2005, Movies

Brokeback Mountain (2005, Ang Lee)

I think it’s probably hard to discuss Brokeback Mountain without talking about the hype: this film is considered by many to be a landmark either in Hollywood with regard to LGBTQ topics, or in LGBTQ cinema in general. Now, I don’t know much about the history of LGBTQ cinema – just what I got from a documentary I once watched in sociology class and one or two films – but I know that the reception which greeted Schindler’s List was somewhat overblown given the number of films which had already dealt with the holocaust. I suspect the same is probably true with this movie: enough prestige behind something (Ang Lee, two acclaimed young actors) and suddenly it’s a masterpiece.

It’s hard to separate the quality of Brokeback Mountain from the reception it got, much like it is hard to separate the quality of Schindler’s List from its reception; I’m sure there are a number of other instances I can’t think of but certainly The Best Years of Their Lives is a classic Hollywood example of the same phenomenon: the movie that broaches a topic for a wider audience is supposedly a masterpiece.

This is a well made film (high production values) with extremely committed performances from the male leads but which I gotta say is kind of boring. I understand that there’s a certain audience for this film which would be very happy to finally see a prestige picture like this address this kind of relationship, and there’s a further audience who wants to see a well-told love story, but I’m not 100% sure how well-told this love story really is.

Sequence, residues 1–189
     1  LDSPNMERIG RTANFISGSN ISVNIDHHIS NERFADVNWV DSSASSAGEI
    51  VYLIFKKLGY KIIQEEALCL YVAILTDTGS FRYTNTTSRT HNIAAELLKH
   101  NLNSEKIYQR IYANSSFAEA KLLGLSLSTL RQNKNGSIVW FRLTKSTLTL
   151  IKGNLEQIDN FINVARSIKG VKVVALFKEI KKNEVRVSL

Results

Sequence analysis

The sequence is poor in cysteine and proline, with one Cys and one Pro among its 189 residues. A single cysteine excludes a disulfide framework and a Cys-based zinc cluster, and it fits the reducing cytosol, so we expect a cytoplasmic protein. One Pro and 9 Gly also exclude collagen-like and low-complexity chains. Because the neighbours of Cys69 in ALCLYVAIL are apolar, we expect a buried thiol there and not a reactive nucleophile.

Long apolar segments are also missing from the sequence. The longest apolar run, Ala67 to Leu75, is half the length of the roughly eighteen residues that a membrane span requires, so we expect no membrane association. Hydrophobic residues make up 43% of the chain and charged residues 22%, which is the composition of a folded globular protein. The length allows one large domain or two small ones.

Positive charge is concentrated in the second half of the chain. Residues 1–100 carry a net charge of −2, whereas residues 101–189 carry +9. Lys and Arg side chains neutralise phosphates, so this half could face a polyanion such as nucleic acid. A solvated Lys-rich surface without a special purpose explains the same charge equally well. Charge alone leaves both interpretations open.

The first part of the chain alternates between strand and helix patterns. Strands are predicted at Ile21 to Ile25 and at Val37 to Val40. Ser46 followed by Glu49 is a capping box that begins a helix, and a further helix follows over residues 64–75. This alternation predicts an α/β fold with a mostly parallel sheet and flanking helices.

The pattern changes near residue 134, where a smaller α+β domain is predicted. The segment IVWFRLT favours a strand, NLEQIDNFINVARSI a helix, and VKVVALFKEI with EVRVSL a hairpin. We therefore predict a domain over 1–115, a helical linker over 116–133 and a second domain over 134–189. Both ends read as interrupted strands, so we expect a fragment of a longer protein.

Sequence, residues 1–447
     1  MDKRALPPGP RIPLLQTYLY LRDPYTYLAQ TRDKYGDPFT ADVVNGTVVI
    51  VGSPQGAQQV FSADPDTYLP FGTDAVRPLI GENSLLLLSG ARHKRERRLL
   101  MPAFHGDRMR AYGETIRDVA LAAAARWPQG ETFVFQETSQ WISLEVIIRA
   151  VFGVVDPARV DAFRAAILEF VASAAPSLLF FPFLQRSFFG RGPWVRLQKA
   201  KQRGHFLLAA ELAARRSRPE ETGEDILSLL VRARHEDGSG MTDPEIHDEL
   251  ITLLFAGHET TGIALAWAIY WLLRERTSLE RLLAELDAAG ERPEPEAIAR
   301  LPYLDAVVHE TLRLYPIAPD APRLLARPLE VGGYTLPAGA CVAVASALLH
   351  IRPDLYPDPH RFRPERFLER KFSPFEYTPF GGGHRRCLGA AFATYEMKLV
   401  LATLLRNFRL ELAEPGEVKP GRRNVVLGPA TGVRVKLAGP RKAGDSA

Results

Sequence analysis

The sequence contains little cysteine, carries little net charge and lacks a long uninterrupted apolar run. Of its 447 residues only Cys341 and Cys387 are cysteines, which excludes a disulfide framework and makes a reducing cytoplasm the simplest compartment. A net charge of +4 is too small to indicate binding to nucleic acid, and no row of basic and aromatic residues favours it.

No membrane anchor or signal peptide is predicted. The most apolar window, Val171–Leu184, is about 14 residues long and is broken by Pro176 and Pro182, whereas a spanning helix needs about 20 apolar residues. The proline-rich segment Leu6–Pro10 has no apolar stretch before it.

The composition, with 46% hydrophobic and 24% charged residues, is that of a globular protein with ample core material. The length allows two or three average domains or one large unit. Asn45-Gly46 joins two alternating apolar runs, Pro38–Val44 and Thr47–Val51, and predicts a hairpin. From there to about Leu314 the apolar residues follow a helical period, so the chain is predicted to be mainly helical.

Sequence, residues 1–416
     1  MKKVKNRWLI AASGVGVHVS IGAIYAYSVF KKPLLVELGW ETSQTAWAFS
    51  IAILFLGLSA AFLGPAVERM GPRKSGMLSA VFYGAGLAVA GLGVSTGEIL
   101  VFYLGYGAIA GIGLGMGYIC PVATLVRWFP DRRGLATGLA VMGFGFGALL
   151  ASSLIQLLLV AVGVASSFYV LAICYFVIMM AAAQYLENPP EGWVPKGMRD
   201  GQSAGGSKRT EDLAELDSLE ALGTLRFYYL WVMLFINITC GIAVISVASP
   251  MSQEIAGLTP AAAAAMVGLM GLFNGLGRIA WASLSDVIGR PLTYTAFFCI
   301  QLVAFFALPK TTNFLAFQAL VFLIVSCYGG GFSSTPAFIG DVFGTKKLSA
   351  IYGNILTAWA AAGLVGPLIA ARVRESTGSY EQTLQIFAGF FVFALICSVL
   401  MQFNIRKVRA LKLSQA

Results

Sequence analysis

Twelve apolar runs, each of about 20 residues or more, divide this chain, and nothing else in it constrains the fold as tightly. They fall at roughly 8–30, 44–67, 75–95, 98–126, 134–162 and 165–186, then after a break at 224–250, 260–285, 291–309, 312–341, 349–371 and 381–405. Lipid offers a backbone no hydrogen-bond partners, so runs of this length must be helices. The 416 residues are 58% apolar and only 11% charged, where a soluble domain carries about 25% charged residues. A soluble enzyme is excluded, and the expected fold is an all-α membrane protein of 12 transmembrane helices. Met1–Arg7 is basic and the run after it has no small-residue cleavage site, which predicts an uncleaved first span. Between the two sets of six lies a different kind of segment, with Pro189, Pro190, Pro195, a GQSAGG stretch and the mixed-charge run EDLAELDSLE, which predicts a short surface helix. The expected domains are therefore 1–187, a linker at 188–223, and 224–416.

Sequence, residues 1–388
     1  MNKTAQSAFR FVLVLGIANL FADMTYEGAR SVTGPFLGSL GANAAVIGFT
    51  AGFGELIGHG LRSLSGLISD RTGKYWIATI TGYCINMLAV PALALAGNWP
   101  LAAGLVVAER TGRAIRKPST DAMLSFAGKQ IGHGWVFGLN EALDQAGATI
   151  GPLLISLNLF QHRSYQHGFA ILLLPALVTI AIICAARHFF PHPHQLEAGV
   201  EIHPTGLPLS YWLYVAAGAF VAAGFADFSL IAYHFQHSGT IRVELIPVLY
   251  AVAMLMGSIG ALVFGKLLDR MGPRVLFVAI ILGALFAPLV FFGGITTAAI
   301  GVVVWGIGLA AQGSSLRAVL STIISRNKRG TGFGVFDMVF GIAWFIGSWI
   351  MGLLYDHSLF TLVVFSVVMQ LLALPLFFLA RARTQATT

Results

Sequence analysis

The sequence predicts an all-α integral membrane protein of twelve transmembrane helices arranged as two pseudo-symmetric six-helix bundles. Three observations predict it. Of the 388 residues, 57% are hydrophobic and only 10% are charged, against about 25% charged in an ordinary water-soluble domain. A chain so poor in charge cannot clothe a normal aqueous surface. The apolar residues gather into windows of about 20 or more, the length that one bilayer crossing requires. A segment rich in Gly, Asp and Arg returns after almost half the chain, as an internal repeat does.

I don’t know how this compares to the source material but I feel like the length is more than necessary for the story (though I understand that telling the whole story does necessitate some length) but I also find the pacing a little off. For example, it takes them not very long to start their relationship which feels inauthentic to me given the conditions of the time, and then it takes it’s time with the rest of the film. Maybe that’s as it should be, honestly, as I don’t know how else they would have told it. But when I think about this film compared to the (admittedly few) romantic dramas that I have actually really enjoyed, and something is missing, so I blame it on the pacing.

Still, there is nothing wrong with the film and I understand that it is sort of landmark. (Well, it’s probably a landmark.)


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